Marcus went on. “Listen carefully. I know you won’t believe this, but you have to try. Andy, I’m a ghost. I’m not alive, I’m dead. My father killed me with a sledgehammer just before he killed himself. That’s why Miss O’Shaughnessy got fired. She told the kindergarteners I moved away to spare you guys from the truth. The grownups got mad because you guys would find out what happened eventually anyways, and she only complicated things.”
There was a funny feeling in the air, the knowledge that something was coming, was rushing, and would be here in the next second.
“He’s on his way now. Come find me upstairs in your parents’ bedroom. I can help you there.”
The message ended.
Andy stared at the answering machine. His jaw hung open in a distorted grimace, his legs were shaking, his hands were shaking, his mouth was drooling. His worst fears had just been confirmed. He staggered away from the phone, unable to speak, unable to believe, and that was when he saw the shadowy man outside the window.
The man was running from the woods towards Andy’s house, yet his feet did not leave tracks in the fallen snow. He ran with a supernatural speed that was eerie to watch, and although Andy could not make out the man’s characteristics from this distance, he could see one thing clearly.
The man’s ghastly hands were extended, as if to reach through the window and snatch Andy.
The boy fled.
He stumbled through the living room that had once been very beautiful and was now very ugly. He climbed the stairs on all fours, crying and screaming, certain he would not escape… but there was a voice calling to him from the protection of his parents’ bedroom, an angelic voice full of the wisdom of adults. And so Andy kept going, and once he reached the blue carpet of the second floor, he ran all the way down the hallway and burst through the door of his parents’ bedroom.
He came to an abrupt halt.
There, lying on the bed where Andy’s parents had conceived their only son, was the Bagman.
There was no angelic voice. No feelings of mercy or protection. Only the growing dread that came with the realization that he had been tricked somehow, that he had played right into the nightmare’s prophecy, and from behind Andy there came a hideous sound—the bedroom door slamming shut by itself, and locking.
The Bagman, who had died on Friday the Thirteenth and was brought back to earth to commit more murders, reached up and removed the plastic bag from his head. The man stood up, and the bag fell to the floor with a soft crinkle, like discarded skin.
The Bagman was not Marcus Browne’s father. The man’s face was pale and sullen, the face of a dull student who refuses to learn, and he winked at Andy with one blue eye. Andy recognized him immediately.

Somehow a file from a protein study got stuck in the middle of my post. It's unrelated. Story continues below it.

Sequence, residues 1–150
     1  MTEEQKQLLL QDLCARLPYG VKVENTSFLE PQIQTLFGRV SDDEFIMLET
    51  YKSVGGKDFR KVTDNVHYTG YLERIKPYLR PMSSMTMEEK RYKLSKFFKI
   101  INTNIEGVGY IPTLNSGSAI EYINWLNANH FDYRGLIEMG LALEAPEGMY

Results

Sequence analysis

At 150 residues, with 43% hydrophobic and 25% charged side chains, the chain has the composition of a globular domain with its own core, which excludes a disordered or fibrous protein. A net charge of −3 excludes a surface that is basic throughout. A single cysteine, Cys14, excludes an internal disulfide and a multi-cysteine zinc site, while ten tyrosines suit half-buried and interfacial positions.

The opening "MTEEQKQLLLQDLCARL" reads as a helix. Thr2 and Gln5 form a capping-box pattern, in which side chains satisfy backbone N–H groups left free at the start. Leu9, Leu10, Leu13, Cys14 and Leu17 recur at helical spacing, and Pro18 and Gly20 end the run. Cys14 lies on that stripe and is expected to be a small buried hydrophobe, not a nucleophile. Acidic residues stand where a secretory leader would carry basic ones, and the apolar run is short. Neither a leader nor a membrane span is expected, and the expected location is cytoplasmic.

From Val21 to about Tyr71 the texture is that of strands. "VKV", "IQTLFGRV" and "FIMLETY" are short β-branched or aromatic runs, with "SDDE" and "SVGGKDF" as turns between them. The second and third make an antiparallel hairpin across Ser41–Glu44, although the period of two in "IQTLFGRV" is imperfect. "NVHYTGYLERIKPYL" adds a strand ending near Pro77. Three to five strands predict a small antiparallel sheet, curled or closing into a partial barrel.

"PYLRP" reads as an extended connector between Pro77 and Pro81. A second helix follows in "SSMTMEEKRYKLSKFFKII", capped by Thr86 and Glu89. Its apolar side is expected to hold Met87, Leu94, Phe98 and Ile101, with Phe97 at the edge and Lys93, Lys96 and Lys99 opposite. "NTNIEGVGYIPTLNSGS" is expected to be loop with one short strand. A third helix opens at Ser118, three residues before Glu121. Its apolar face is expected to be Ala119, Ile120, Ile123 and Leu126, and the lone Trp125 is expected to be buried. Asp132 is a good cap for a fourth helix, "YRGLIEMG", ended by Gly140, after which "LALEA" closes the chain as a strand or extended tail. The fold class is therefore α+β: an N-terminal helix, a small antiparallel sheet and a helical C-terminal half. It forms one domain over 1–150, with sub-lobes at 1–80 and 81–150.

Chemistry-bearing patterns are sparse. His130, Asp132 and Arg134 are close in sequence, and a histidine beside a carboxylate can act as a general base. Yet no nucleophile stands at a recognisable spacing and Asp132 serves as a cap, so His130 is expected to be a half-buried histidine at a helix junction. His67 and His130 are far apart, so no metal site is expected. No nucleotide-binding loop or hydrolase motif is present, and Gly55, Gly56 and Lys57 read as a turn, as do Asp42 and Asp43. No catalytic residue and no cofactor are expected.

Although the ghost had died when he was five years old, the immortal soul of Marcus Browne had manifested itself at the neutral age of twenty-five years. There was a bloody cavity in his chest from where his father had struck him repeatedly, but it was the blue eyes that gave him away. He was grinning at Andy hellishly.
“Marcus,” said Andy. “You’re the monster from my nightmare?”
“Shocked, aren’t you? Thought it was my old man because of the plastic bag, huh? Because my father was the killer and I was the victim? Don’t you know that most criminals were victims once upon a time?”
Marcus stepped forward. His grin widened, baring his small teeth. It was those teeth Andy’s attention kept coming back to—not the bloody hole in Marcus’s chest where Mr. Browne had shattered the ribcage and exposed the heart within, nor the blue eyes that were filled with too much knowledge, nor even the shaking hands unfolding the blade from a ghostly pocketknife—it was those teeth, not the teeth of a wolf but those of Little Red Riding Hood.
Footsteps were coming down the hall. Fists were suddenly pounding on the door. The latch shook and rattled but would not release.
“He can’t get in here,” said Marcus. “It’s your parents’ bedroom. Only you have power over the spot of your creation, and now I hold dominion over you. Even the greatest pieces on the chessboard must submit to slavery once their king has been checkmated.”
“But why, Marcus? Why are you doing this to me?”
Marcus’s demonic face filled with an emotion that was almost human. “Because I loved you, Andy. You were my best friend when my parents were fighting. So this is what the dark spirit wants. My king wants you dead, not to harm you per se, but to harm me. Then the act of violence that was begun during the holiday of evil will have been completed to the fullest, and the dark king will have murdered my soul as well as my body.”